Cardiac Hypertrophy-Associated Transcript (CHAST) as a potential lncRNA candidate that influences Cardiomyocyte Hypertrophy
Reporter: Aviva Lev-Ari, PhD, RN
Sci Transl Med. 2016 Feb 17;8(326):326ra22. doi: 10.1126/scitranslmed.aaf1475.
Long noncoding RNA Chast promotes cardiac remodeling.
Viereck J1, Kumarswamy R2, Foinquinos A2, Xiao K2, Avramopoulos P3, Kunz M4, Dittrich M5, Maetzig T6, Zimmer K2, Remke J2, Just A2, Fendrich J2, Scherf K2, Bolesani E7, Schambach A6, Weidemann F8, Zweigerdt R7, de Windt LJ9, Engelhardt S3, Dandekar T4, Batkai S2, Thum T10.
Recent studies highlighted long noncoding RNAs (lncRNAs) to play an important role in cardiac development. However, understanding of lncRNAs in cardiac diseases is still limited. Global lncRNA expression profiling indicated that several lncRNA transcripts are deregulated during pressure overload-induced cardiac hypertrophy in mice. Using stringent selection criteria, we identified Chast (cardiac hypertrophy-associated transcript) as a potential lncRNA candidate that influences cardiomyocyte hypertrophy. Cell fractionation experiments indicated that Chast is specifically up-regulated in cardiomyocytes in vivo in transverse aortic constriction (TAC)-operated mice. In accordance, CHAST homolog in humans was significantly up-regulated in hypertrophic heart tissue from aortic stenosis patients and in human embryonic stem cell-derived cardiomyocytes upon hypertrophic stimuli. Viral-based overexpression of Chast was sufficient to induce cardiomyocyte hypertrophy in vitro and in vivo. GapmeR-mediated silencing of Chast both prevented and attenuated TAC-induced pathological cardiac remodeling with no early signs on toxicological side effects. Mechanistically, Chast negatively regulated Pleckstrin homology domain-containing protein family M member 1 (opposite strand of Chast), impeding cardiomyocyte autophagy and driving hypertrophy. These results indicate that Chast can be a potential target to prevent cardiac remodeling and highlight a general role of lncRNAs in heart diseases.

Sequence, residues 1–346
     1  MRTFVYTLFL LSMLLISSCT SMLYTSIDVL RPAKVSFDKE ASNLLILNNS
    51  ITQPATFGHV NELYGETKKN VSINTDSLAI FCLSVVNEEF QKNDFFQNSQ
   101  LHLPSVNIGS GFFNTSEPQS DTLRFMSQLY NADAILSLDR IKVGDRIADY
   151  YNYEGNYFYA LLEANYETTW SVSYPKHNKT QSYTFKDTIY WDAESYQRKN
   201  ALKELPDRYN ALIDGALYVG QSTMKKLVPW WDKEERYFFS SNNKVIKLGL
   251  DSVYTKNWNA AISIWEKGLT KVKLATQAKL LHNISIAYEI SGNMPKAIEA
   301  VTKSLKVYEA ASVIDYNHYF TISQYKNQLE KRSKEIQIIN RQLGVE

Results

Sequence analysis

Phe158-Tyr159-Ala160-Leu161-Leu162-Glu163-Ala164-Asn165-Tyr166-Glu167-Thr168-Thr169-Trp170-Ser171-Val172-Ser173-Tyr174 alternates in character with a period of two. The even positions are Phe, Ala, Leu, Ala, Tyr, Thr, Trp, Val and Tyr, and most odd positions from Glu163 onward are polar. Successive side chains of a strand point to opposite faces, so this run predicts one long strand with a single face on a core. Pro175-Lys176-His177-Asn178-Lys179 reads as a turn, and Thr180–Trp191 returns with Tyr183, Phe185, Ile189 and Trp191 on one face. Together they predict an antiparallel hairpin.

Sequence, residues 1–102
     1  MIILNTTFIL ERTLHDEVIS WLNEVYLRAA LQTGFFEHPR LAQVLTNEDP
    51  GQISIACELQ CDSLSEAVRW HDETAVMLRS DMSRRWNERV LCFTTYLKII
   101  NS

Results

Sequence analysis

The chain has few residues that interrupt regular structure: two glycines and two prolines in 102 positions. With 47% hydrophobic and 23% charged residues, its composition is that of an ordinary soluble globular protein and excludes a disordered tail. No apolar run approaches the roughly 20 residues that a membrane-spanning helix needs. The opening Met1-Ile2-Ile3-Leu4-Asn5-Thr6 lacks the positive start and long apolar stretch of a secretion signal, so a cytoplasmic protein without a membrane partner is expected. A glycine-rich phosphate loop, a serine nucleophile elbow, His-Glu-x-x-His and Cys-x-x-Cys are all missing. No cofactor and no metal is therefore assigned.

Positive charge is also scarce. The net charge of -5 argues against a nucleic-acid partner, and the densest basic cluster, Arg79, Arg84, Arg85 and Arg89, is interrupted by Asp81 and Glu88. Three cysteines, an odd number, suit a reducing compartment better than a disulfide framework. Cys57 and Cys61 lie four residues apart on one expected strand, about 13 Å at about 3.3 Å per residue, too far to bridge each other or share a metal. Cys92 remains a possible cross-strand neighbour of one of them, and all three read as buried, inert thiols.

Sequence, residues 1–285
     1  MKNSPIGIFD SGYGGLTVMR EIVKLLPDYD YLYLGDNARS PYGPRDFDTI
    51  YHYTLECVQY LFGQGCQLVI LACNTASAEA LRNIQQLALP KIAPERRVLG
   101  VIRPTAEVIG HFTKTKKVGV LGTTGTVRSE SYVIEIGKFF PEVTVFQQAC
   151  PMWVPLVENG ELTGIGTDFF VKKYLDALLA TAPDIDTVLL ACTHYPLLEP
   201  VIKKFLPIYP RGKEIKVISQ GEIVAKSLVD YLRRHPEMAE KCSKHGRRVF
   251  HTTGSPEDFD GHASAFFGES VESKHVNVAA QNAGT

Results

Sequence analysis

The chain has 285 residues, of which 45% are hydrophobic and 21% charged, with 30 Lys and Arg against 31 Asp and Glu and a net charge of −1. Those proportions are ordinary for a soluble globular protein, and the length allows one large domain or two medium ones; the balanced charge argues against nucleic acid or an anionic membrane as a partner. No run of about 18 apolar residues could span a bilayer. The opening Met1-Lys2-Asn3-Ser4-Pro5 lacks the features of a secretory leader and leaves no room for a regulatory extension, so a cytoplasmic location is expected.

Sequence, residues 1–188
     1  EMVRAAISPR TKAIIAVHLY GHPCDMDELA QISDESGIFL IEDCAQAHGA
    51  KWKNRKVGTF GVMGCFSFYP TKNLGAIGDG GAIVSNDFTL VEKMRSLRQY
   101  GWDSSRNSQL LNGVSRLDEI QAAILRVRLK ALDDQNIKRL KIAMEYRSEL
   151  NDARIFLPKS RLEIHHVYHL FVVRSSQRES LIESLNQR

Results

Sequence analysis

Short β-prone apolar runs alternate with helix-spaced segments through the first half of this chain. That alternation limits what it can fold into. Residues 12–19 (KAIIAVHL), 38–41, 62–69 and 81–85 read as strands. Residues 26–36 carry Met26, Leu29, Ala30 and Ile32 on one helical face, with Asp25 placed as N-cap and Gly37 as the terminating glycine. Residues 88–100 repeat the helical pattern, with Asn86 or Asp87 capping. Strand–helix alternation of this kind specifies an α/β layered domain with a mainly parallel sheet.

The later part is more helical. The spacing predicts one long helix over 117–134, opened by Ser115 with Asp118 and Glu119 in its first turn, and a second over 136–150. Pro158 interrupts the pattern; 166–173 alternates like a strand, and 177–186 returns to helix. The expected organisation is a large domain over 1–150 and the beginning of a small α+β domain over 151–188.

Copyright © 2016, American Association for the Advancement of Science.